Devon Allen knew what stood in his path on Sunday night.
Ten hurdles, each as tall as a standard doorknob, carefully arranged nine meters apart in Lane 3. There is never any variation in the 110-meter race in which only two men have ever been faster than Allen. No matter where the race is run, when or against whom, those hurdles are constant.
Just as reliable, however, is the obstacle with which Allen collided: a sport that keeps finding ways to keep its best athletes from competing.
If there is one thing international track and field can be trusted to get right, and there might only be one, it is to rigidly enforce its most archaic and arbitrary rules.
So, with six nights remaining in the sport’s global showcase at Eugene’s reimagined Hayward Field, the only question is whether any remaining moment can overshadow the calamitous disqualification of Allen due to a false start Sunday night.
Honestly, it might not matter how many world records fall between now and next Sunday night. Or how many more Americans claim gold.
These World Athletics Championships, being staged for the first time on American soil, have already had their signature moment.
For a sport that is thirsting for greater domestic support in advance of the 2028 Olympics in Los Angeles, Sunday’s ruling perfectly demonstrated why track and field can seem so inaccessible to casual viewers.
Allen, a former two-sport star for the Oregon Ducks who will report to Philadelphia Eagles training camp later this month, is just the kind of athlete who might draw in a new kind of viewer. But anyone who tuned into NBC on Sunday saw Allen explode out of the blocks, only for the race to be stopped and for Allen to be sent off the track.
It was a false start. At least that’s a term that football fans are familiar with. But in this case, he didn’t go before the snap—er, starting pistol. He went too soon after it.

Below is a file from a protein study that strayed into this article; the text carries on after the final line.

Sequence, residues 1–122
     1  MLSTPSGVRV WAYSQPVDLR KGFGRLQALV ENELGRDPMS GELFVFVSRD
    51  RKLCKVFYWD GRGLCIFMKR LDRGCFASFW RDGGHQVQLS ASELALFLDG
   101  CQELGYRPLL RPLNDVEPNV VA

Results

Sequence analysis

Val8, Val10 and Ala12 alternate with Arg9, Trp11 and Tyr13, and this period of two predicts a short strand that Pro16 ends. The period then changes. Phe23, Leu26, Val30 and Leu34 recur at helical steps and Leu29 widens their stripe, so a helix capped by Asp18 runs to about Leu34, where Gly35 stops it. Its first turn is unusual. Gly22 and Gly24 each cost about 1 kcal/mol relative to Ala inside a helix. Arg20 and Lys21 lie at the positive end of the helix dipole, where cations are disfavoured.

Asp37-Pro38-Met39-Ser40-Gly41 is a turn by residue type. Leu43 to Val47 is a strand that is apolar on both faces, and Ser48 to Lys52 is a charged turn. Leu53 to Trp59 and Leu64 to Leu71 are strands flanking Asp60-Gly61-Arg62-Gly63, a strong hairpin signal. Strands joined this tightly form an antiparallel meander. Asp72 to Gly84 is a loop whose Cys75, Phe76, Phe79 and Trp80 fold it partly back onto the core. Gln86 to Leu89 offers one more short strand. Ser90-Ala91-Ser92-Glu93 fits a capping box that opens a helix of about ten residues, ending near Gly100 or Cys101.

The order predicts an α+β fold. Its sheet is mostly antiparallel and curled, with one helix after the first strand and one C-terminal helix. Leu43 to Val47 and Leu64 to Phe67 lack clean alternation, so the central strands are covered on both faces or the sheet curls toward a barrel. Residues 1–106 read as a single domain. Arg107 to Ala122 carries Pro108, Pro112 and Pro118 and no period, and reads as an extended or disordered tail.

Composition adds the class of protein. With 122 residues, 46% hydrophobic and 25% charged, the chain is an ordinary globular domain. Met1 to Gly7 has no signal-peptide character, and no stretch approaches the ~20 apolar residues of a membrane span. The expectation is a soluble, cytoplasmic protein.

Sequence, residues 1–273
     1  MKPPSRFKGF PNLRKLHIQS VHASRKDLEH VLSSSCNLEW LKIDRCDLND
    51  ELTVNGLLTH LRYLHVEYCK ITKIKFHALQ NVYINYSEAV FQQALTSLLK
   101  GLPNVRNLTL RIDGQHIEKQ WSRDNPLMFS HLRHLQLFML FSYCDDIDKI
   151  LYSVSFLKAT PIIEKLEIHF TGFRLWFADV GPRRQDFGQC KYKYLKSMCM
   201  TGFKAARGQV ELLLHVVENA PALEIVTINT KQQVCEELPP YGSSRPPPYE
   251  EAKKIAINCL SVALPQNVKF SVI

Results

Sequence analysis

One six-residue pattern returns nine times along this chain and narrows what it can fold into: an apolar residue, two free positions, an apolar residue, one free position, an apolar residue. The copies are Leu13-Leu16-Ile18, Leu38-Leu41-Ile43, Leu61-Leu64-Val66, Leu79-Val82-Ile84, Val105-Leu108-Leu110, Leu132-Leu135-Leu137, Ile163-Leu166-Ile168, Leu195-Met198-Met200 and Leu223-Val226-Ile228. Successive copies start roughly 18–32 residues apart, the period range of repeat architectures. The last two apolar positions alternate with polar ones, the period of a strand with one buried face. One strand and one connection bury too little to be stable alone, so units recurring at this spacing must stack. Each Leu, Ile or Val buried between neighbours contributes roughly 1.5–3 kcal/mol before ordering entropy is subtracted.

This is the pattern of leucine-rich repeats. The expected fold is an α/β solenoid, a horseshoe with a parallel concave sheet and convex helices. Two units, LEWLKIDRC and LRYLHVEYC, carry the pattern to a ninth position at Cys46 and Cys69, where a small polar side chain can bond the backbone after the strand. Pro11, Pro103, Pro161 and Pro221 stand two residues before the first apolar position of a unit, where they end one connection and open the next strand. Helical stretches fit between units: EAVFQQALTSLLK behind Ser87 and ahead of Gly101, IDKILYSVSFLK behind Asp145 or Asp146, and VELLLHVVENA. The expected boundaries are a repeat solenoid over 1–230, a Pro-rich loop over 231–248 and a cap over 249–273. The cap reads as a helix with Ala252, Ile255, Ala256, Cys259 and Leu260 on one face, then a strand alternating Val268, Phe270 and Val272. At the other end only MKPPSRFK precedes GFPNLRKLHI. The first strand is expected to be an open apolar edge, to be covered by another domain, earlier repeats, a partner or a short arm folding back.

Just imagine what kind of reaction Philadelphia fans would have had to that explanation.
“I’ll make sure I just kind of react not as fast next time,” a bewildered Allen told reporters after his premature exit.
Track officials long ago decided that a typical reaction time was a tenth of a second, an arbitrary figure with which sports scientists have quibbled. Anything faster would be deemed a false start and a disqualification.
Allen jumped at 0.099 seconds. One-thousandth of a second too fast.
By rule, Allen needed to be disqualified. No one on the ground could dispute that or reverse the decision.
But it is an asinine rule, and it’s hard to imagine that any fan who tuned in on Sunday night came to a different conclusion.
An imperceptible difference, faster than a heart breaks.
And this is the same sport that kept dynamic sprinter Sha’Carri Richardson out of the Olympics last year, even though she already had qualified, because of a positive marijuana test.
Track and field is the only sport that seems so intent on finding loopholes to keep its stars sidelined, but it’s far from the only one with mind-boggling procedures.
I’ve long scratched my head over the logic behind spotting the ball in football. For the first three downs of a series, it is the referee’s judgment call. The accuracy of the spot is only as good as his or her last eyeglasses prescription.
Nobody is questioning whether it is precise down to one-thousandth of an inch.
But on fourth down — oh, fourth down! — the chains come out. The crowd quiets. The spot is theatrically determined with the accuracy of a surgeon cutting into the human brain.
Games are decided this way. Whole seasons.
Track officials figured out a way to remove the possibility of human error. The sensors tell officials when there is a false start. But the human error was giving the machines that much power over the outcome of what should be the simplest and purest sport.
Imagine putting sensors on the cleats of offensive linemen.
They would still be replaying first down somewhere.
There are certainly great moments still to come in Eugene. Allen’s disqualification, while ludicrous, has no bearing on the performances that await. Perhaps Sydney McLaughlin can break the world record in the women’s 400-meter hurdles — for a third time. Or the US men can sweep the 200-meter sprint, just like they did the 100.
But would any of those penetrate the mainstream conscious of American sports like Sunday’s technicality?
We can only hope so.
The sport of track and field is sustained by the belief that human beings, through training, nutrition and resolve, will forever have the capacity to shave a tenth of a second off of a record time. To run ever-so-slightly faster than anyone ever has before. To jump higher or longer. To throw farther.
But not to react quicker?
Maybe someday track and field will get out of its own way.
It’s just too bad that couldn’t happen before it tripped up Allen.
— Bill Oram | firstname.lastname@example.org | Twitter: @billoram